TK Prof is an Oracle tool used to display the statistics generated during a trace. When an Oracle session is traced (by SQL*Trace, Oracle Trace, or Database Trace), a trace file is generated. This trace file is barely human-readable; TK Prof collates and formats the data into a a more meaningful form.
Finding the trace file
All trace files are written to the same location: a directory that is defined when the database is booted. To find out the location of this directory, run the following SQL.
WHERE name = 'user_dump_dest'
If this returns a 'Table or view does not exist' error, then have the DBA grant select privileges on sys.v_$parameter to everybody. Go to the directory shown, and list the files in date order; on Unix, this is ls -ltr. If the trace files are not readable, ask the DBA to change the privileges. There is a database initialisation parameter that the DBA can set so that all future trace files are created readable.
Running TK Prof
Running TK Prof is simple:
tkprof trace_file output_file [ explain=userid/password@database ]
trace_file is the name of the trace file you found in the previous step, and output_file is the file to which TK Prof will send the output. The optional explain argument will display an Explain Plan for all SQLs in the trace file. There are other optional arguments to tkprof, see the Oracle Utilities manual for more detail.
TK Prof output
The output of TK Prof is very well described in the Oracle Utilities manual, so it will not be described again here. The sort of things you should be looking for are:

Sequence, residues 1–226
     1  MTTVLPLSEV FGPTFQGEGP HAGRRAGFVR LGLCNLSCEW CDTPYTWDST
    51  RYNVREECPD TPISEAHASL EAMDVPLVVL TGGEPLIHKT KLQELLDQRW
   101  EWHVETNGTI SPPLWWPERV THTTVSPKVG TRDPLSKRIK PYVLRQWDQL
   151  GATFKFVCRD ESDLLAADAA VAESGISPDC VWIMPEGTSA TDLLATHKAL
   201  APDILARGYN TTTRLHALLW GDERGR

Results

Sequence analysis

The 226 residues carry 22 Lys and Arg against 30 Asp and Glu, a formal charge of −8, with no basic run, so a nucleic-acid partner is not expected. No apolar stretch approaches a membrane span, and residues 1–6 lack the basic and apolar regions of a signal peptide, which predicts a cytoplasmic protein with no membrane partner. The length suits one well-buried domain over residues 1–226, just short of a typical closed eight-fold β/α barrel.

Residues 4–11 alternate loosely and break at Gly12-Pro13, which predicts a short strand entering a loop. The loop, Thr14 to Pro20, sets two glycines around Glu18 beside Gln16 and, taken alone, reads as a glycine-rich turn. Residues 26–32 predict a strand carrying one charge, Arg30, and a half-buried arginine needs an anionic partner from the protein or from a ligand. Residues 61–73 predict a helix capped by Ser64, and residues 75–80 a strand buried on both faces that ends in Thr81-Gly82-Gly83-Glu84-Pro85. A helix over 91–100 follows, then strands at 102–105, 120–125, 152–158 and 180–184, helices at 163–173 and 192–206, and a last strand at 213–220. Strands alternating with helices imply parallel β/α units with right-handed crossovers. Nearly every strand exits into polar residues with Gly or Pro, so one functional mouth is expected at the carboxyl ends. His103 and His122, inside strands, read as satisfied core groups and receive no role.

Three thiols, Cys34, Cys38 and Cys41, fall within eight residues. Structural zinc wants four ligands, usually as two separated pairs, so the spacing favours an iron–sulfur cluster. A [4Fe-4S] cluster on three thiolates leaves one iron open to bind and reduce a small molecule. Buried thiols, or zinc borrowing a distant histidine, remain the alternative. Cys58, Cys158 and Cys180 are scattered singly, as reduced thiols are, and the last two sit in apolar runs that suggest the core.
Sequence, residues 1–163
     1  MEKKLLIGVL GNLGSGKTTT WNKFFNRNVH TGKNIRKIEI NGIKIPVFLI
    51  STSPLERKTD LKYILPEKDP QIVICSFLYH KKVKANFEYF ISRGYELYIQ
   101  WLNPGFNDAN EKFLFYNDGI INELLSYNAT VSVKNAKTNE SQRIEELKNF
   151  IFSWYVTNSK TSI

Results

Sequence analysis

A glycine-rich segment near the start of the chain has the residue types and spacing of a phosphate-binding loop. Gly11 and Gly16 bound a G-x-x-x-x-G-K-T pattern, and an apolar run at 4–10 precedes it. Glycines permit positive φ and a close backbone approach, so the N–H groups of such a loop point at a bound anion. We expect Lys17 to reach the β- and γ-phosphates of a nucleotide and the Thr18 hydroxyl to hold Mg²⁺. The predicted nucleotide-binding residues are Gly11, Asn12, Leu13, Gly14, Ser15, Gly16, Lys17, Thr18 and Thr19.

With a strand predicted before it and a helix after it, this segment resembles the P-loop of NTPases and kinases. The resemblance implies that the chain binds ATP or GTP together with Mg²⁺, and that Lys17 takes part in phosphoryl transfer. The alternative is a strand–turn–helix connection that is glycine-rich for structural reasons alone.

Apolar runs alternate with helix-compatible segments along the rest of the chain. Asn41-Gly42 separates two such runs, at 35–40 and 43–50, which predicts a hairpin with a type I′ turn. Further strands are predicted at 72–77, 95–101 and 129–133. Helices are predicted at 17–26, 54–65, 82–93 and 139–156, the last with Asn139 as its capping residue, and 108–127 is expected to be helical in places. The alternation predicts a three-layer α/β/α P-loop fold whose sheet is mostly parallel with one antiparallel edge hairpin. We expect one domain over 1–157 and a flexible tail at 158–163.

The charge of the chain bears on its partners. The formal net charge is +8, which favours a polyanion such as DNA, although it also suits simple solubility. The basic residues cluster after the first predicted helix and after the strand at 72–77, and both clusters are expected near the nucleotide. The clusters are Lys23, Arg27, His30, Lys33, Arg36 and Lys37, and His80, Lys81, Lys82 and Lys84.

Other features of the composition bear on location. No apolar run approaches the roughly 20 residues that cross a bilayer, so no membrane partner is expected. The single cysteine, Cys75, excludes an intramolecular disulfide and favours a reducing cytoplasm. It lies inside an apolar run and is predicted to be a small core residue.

For each SQL, check the Elapsed statistic. This shows the elapsed time for each SQL. High values obviously indicate long-running SQL
Note the Disk and Query columns. These indicate data retrieval from disk and data retrieval from memory respectively. If the Disk column is relatively low compared to the Query column, then it could mean that the SQL has been run several times and the data has been cached. This might not give a true indication of the performance when the data is not cached. Either have the database bounced by the DBA, or try the trace again another day.
The first row of statistics for each SQL is for the Parse step. If a SQL is run many times, it usually does not need to be re-parsed unless Oracle needs the memory it is taking up, and swaps it out of the shared pool. If you have SQLs parsed more than once, get the DBA to check whether the database can be tuned to reduce this.
A special feature of the Explain Plan used in TK Prof is that it shows the number of rows read for each step of the execution plan. This can be useful to track down Range Scan problems where thousands of rows are read from an index and table, but only a few are returned after the bulk are filtered out.
In order to run SQL statements, Oracle must perform its own SQL statements to query the data dictionary, looking at indexes, statistics etc. This is called Recursive SQL. The last two entries in the TK Prof output are summaries of the Recursive and Non-Recursive (ie. "normal") SQL. If the recursive SQL is taking up more than a few seconds, then it is a likely sign that the Shared Pool is too small. Show the TK Prof output to the DBA to see if the database can be tuned.
If your Explain Plan in the TK Prof output shows 0 rows for every line, check the following:
Make sure you turn tracing off or exit your traced session before running TK Prof. Some statistics are only written at the end.
Have you run any ALTER SESSION commands that affect the optimizer? If so, then the plan shown may differ from the real plan. Note that the real plan is not shown: TK Prof re-evaluates the plan when you run TK Prof. Make sure that you turn SQL_TRACE on before you ALTER SESSION. TK Prof is clever enough to see the ALTER SESSION command in the trace file and evaluate plans accordingly. It will probably display two plans: the default plan, and the new plan taking the ALTER SESSION into account.